Joe Girardi’s Urgency Has Me Happy

Joe Girardi

If I’m not the biggest Joe Girardi critic, I’m definitely in the conversation for the title. But in a season in which the Yankees are currently 18-22, even I have no problem with how he has managed so far this season for the most part. And I definitely don’t have have a problem with how he managed the bullpen the last two nights.

The decision to take Nathan Eovaldi out after 85 pitches with a 3-1 lead in the seventh inning against the Diamondbacks wasn’t the right decision, it was the only one. The decision to take Ivan Nova out after 62 pitches with 2-1 lead in the seventh inning wasn’t the right decision, it was the only one.

I don’t care that Eovaldi had allowed just one hit or that Nova had retired seven in a row. I wouldn’t have cared if they both were throwing a n0-hitter in their respective start. They are still Nathan Eovaldi and Ivan Nova and a few good innings doesn’t change that.

It’s not just Eovaldi and Nova either even though I have as little trust in them as I did for A.J. Burnett and Phil Hughes. This line of thinking goes for the entire Yankees rotation. Even though Girardi would have left Masahiro Tanaka 2.0 (post-elbow tear) in in both situations, I would have pulled him. There are only a handful of pitchers in the league that would veto a decision to go to Dellin Betances, Andrew Miller and Aroldis Chapman in a close games and none of them are on the Yankees.

Somehow Girardi’s decision is being questioned. Apparently there are people that would rather roll the dice with the inconsistent and untrustworthy Eovaldi and Nova than go the closest thing to a sure-thing for the last nine outs of a game in the history of baseball. Are the Yankees not four games under .500? Are they not 6.5 games back? For one of the few times in Joe Girardi’s Yankees tenure he’s managing with urgency if the regular season and people are upset. Once again, he took out Nathan Eovaldi and Ivan Nova for Dellin Betances, Andrew Miller and Aroldis Chapman.

There’s this idea that Girardi is abusing the Big Three. Prior to Wednesday’s game, none of them had pitched in three days. In Wednesday’s game, Betances threw 15 pitches, Miller threw 13 and Chapman threw 13. That means in four days, Betances had thrown 15 pitches, Miller had thrown 13 and Chapman had thrown 13. But because of Girardi’s bullpen rules about not using relievers three days in a row, there are those that are worried about what would happen on Saturday with all three technically unavailable. The answer to that is that it doesn’t matter. You can’t manage one game because you’re worried about what might happen in the next game. The Yankees could blow out or get blown out on Friday and it won’t matter. Or maybe Girardi does need to use one of two or three of them again and breaks his own rule, which he should. The Yankees have to win the games that are there for them to win and so far this season there haven’t been many of them.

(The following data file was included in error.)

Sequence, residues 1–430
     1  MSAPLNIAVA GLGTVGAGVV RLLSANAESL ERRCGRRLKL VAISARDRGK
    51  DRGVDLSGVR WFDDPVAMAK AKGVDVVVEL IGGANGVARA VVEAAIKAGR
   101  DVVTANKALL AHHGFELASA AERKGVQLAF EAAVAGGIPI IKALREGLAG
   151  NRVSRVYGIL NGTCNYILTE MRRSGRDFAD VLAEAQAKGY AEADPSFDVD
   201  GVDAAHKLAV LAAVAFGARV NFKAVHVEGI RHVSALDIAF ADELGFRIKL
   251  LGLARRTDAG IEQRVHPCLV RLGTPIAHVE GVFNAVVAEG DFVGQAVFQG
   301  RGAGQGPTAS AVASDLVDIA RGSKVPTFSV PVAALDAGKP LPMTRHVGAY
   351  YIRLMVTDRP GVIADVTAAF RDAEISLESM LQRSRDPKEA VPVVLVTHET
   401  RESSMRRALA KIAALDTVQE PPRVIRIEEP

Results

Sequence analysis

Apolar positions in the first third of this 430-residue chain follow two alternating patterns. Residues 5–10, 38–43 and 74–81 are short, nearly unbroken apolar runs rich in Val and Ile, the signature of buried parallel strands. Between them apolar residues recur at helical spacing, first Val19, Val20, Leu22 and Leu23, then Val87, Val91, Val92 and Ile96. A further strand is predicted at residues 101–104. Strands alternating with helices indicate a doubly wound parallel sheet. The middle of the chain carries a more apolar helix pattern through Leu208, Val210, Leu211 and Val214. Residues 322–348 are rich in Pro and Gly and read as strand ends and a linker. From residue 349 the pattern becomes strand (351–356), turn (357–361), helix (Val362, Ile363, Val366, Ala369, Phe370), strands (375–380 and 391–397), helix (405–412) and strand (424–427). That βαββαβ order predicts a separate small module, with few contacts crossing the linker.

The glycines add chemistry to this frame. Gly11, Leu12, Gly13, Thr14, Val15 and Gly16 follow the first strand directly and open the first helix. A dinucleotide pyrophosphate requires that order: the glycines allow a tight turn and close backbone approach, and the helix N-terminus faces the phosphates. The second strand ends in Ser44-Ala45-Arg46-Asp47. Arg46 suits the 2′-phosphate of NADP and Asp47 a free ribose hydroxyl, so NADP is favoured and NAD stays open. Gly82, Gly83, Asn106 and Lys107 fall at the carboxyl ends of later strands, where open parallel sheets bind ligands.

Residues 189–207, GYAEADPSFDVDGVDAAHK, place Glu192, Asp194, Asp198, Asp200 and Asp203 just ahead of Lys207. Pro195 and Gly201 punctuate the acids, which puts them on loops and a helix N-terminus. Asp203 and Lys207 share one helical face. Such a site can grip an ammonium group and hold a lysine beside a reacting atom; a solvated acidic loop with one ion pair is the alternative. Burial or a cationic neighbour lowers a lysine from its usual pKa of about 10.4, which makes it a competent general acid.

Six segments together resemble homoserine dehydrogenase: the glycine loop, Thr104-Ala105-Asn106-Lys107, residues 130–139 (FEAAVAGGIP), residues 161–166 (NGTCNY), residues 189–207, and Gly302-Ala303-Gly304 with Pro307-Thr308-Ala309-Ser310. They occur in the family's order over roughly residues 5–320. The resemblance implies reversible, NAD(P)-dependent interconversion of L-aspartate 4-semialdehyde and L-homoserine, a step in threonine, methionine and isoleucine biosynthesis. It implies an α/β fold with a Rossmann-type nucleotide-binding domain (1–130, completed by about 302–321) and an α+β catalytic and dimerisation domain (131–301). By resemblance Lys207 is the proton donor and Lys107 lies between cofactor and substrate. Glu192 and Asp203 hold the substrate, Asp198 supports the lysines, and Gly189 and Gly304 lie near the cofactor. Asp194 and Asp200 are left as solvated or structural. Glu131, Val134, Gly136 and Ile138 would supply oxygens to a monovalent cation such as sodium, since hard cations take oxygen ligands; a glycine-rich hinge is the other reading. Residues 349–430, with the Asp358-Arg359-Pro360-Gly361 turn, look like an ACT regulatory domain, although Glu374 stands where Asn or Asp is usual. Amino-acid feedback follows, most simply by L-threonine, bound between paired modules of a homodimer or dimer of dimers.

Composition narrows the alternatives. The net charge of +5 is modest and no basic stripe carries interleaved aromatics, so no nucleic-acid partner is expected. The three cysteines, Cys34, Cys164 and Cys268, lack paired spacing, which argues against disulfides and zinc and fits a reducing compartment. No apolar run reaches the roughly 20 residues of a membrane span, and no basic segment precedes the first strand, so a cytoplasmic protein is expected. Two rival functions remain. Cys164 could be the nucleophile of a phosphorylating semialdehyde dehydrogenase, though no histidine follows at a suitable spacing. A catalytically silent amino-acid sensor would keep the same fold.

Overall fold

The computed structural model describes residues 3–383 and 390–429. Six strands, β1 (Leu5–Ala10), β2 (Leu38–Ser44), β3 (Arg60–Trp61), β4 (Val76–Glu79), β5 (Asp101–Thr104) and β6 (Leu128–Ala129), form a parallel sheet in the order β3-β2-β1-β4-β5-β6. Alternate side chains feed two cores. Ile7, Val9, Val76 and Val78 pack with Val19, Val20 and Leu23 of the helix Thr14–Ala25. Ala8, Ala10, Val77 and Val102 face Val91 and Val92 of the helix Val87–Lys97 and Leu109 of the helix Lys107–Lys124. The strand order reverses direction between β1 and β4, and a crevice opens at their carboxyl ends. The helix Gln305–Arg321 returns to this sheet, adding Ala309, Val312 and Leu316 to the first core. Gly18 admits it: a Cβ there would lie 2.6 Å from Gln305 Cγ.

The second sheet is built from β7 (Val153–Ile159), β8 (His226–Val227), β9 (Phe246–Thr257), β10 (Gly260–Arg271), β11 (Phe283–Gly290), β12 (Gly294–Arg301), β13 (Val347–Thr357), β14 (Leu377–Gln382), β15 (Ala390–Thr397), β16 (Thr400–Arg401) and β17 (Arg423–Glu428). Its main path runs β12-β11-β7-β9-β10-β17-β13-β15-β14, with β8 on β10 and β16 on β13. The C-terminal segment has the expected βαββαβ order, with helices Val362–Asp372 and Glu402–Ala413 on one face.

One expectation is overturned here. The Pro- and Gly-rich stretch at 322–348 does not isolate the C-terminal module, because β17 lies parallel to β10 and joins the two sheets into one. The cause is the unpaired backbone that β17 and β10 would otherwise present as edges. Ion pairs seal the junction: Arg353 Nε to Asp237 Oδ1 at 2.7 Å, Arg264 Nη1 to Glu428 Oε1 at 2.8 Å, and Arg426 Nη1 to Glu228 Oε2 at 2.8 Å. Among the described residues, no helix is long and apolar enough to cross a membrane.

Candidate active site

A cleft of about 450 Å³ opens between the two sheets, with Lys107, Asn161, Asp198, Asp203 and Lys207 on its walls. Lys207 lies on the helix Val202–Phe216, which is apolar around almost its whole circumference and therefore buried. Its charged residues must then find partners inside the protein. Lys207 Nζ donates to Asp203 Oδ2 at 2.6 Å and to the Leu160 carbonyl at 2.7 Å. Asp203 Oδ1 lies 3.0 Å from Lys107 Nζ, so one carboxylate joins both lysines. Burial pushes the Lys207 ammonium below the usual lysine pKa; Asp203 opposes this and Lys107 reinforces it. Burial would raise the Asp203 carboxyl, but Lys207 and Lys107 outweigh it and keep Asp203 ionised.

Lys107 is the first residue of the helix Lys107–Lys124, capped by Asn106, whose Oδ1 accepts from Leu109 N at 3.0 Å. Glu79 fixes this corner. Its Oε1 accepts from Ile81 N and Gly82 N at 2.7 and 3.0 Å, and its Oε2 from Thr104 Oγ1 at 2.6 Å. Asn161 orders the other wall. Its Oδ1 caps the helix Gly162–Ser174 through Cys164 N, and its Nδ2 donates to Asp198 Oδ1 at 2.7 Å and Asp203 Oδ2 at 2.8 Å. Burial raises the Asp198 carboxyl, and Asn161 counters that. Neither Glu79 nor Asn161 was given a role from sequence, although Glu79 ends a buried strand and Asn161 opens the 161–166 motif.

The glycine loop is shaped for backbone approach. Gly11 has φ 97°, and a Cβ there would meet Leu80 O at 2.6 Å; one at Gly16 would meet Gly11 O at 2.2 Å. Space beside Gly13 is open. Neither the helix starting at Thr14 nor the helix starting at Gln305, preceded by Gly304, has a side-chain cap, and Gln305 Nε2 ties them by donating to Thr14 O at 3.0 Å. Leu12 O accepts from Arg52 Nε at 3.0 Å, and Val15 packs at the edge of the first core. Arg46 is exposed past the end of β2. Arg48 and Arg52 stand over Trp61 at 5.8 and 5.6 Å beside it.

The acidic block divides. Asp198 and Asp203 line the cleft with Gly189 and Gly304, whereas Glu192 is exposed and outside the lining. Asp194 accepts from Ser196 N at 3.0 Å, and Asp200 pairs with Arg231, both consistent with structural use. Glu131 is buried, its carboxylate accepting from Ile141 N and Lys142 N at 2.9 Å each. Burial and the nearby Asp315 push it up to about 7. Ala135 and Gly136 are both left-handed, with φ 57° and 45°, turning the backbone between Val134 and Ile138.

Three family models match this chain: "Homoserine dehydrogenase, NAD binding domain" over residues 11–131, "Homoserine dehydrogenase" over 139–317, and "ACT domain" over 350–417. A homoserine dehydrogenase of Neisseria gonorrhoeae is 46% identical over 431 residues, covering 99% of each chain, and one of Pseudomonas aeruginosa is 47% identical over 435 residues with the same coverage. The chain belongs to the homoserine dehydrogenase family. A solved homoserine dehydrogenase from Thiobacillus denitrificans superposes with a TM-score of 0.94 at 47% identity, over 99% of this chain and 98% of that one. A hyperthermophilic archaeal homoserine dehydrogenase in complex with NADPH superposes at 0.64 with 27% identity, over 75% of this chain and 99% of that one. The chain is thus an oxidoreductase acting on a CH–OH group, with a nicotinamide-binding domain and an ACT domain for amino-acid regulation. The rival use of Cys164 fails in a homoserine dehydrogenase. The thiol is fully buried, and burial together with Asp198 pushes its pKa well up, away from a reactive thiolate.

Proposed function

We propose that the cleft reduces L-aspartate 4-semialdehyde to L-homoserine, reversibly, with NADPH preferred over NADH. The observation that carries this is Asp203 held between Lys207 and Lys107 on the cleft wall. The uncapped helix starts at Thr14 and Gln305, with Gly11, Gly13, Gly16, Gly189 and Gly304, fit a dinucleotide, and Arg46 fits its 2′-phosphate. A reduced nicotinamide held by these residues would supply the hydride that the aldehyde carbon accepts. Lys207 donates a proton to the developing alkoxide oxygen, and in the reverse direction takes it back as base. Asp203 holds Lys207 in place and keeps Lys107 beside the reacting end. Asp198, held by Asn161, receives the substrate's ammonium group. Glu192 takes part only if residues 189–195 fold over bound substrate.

And if you’re worried about overusing the Big Three in May, why? What are you saving them for? Meaningless games in the summer because you gave away games early in the season because you were too worried about overuse? Are you saving Chapman’s arm, so you can trade him at the deadline to go be used when needed by a team in contention? Or are you saving his arm to hit free agency, so he can close out games for another team next year?

The one thing I have learned with Girardi over his now eight-plus seasons as Yankees manager is that there are plenty of times to be upset with his decisions. Get upset when he gives players unnecessary days off or when he bats Jacoby Ellsbury and Brett Gardner first and second against a right-handed pitcher even if they both have been cold for a month. Get upset when he plays station-to-station baseball waiting for a home run from Mark Teixeira that never comes or when he asks players to bunt that don’t know how to or have no business doing so. Get upset when he plays his “B” team in the final game of a three-game series if the Yankees have won the first two games of the series or when he bats Chase Headley anywhere but ninth in the order. Get upset about all of these things, but don’t get upset when he takes the ball from a pitcher with a career 1.382 WHIP and from a pitcher with a 5.15 ERA over his last 145 innings in favor of the best bullpen ever created.

The idea that “it’s early” or “it’s not even the All-Star break” always makes me laugh. Opening Day is as important as Game 39 and games in April count just as much as games in July. If you fuck around in April and May, there won’t be anything left to play for in August and September. And for the first time in a long time, Girardi isn’t fucking around in the regular season, and with Betances, Miller and Chapman, he shouldn’t be.